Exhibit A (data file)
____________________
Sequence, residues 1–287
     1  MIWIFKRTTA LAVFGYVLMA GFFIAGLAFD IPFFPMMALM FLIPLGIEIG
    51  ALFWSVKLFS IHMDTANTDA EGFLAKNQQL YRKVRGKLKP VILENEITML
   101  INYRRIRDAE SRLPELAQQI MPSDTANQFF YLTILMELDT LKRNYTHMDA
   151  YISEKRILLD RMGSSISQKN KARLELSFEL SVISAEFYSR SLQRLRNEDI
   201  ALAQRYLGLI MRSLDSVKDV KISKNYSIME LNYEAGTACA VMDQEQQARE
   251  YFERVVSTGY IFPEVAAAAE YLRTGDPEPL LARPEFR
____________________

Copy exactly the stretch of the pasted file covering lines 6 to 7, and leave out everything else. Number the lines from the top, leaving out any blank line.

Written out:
   201  ALAQRYLGLI MRSLDSVKDV KISKNYSIME LNYEAGTACA VMDQEQQARE
   251  YFERVVSTGY IFPEVAAAAE YLRTGDPEPL LARPEFR